From a personal point of view and from what I have actually observed, there can be no doubt that what has brought the world to this impasse is Germany's failure to understand itself. I come from varied stock so I am able to take a more detached view. When it collapsed in 1918 Germany could have shocked and shamed the whole world if it had spurned the help it was offered. Germany could have firmly renounced all the bogus prosperity before the whole world. It could have relied upon the humility that has always resided in the nation's character and has been a hallmark of its honour; that would have been more fitting than having to bear the humiliation brought about by foreign dictates. For a short while it was my hope that the strangely normalised look of compliance seen on many a German face might once again register some of that bygone humility you see in Dürer's drawings. Perhaps there was a small number of people back then who felt the same. Their convictions and desires centred on a complete change of course. Now the dreadful consequences of that not happening are becoming all-too evident. There is something missing, something that only Germany itself could have provided: the restoration of that ancient standard of worthiness, rooted in humility, and determining all that is purest and best. It has not renewed itself from the bottom upwards. It was bent only on saving itself, hence all the superficiality, haste, distrust, and go-getting. It wanted to achieve high profits and make a swift departure instead of remaining true to the most secret part of its nature which is to endure, to survive, and to be prepared for its own miracle. It wanted to keep on doing the same things instead of changing. And so one feels now...something is missing. A date should have been set for all this to stop. A rung is missing from the ladder, hence the indescribable anxiety, the fear, the "premonition of a sudden and mighty fall"...What can be done? Let each one of us keep to our still quiet, still dependable little island-in-life, doing what we do, suffering, feeling. My own island is no more permanent and no more safeguarded than is yours—I am a guest, whereas you are a tenant, but need your lease actually be brought to an end in autumn? Won't you be handing back to your landlord the results of three years of tilling and cultivating? (That must seem to him a most welcome prospect!) Is there no possibility of convincing him that there are better options? I can well imagine how infinitely difficult it is these days to find a similar location, but I would think that going to the Argentine would hardly improve the chances of getting one, or of meeting your need to relate to land that in some way relates to you; besides, conditions over there are not the same as they once were when they favoured strength and courage....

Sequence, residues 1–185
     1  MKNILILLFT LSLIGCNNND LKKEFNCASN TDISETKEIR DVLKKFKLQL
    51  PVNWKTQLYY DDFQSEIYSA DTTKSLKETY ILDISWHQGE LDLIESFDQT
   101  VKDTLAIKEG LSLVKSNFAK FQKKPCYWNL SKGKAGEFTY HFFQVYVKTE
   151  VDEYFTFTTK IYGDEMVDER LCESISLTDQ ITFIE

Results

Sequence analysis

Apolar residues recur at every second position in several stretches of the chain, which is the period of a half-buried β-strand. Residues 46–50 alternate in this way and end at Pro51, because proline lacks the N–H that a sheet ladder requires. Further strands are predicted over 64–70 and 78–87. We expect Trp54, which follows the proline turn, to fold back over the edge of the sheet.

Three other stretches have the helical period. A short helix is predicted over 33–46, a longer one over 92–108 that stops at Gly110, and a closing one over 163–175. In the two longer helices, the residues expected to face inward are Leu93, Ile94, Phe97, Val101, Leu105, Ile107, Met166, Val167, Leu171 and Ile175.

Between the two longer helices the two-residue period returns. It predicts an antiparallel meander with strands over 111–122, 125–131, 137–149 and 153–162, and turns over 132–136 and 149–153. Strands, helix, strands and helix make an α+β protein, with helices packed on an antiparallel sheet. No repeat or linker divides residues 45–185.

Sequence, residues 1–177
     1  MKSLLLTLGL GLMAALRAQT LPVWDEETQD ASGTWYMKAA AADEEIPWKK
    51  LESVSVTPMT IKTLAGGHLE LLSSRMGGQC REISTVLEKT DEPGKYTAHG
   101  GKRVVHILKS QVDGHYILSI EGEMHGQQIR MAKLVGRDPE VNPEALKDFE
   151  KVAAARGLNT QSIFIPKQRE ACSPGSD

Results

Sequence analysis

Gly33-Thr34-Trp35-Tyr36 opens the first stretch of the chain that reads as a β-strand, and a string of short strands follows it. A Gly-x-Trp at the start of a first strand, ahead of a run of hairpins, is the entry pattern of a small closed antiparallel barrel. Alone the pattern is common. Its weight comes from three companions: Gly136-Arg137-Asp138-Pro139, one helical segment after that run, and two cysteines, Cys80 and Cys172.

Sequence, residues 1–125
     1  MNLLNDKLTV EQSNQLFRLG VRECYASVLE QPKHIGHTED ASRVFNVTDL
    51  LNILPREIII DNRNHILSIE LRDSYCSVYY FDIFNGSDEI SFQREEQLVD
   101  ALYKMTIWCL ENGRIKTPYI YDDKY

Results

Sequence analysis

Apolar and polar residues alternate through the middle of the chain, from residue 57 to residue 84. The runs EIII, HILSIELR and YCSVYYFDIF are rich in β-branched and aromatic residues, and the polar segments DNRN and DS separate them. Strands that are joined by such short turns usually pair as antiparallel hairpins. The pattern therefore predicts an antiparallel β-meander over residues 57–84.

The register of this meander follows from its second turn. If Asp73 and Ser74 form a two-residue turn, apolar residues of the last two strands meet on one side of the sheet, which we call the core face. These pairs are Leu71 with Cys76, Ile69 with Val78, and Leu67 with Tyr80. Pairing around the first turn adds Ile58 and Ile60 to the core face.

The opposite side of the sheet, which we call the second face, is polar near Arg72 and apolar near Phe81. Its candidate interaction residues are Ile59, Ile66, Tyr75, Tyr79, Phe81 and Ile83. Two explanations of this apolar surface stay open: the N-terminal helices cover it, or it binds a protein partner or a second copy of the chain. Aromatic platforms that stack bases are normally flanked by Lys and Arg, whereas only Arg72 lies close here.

If you look back over the years you spent in Weimar you will see what a success they have been and what a fine harvest they have yielded. So sure have been your gains, so bountiful, that if you had not thought, as you were writing the third page, of bringing those years to a close, and of hazarding a guess at their worth, I would still have been able to read the spalier-like lines—even the most troublesome ones—and pick a good, healthy number.

This is what makes me go on hoping for the best that I can wish you, which is what you yourself are now able to love so deeply.


Chateau de Muzot sur Sierre (Valais), Switzerland,
27th January 1924 (Sunday)